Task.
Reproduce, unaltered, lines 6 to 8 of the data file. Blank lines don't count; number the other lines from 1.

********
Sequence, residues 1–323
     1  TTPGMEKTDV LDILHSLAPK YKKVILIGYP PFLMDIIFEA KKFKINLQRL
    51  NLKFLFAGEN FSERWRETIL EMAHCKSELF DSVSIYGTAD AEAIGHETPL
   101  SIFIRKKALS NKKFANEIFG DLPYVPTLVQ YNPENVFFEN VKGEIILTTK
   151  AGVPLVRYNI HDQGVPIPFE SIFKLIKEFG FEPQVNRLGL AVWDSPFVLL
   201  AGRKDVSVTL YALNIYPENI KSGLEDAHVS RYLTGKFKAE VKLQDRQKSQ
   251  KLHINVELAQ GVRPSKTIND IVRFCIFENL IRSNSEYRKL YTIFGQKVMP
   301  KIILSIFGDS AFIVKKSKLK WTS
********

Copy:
   201  AGRKDVSVTL YALNIYPENI KSGLEDAHVS RYLTGKFKAE VKLQDRQKSQ
   251  KLHINVELAQ GVRPSKTIND IVRFCIFENL IRSNSEYRKL YTIFGQKVMP
   301  KIILSIFGDS AFIVKKSKLK WTS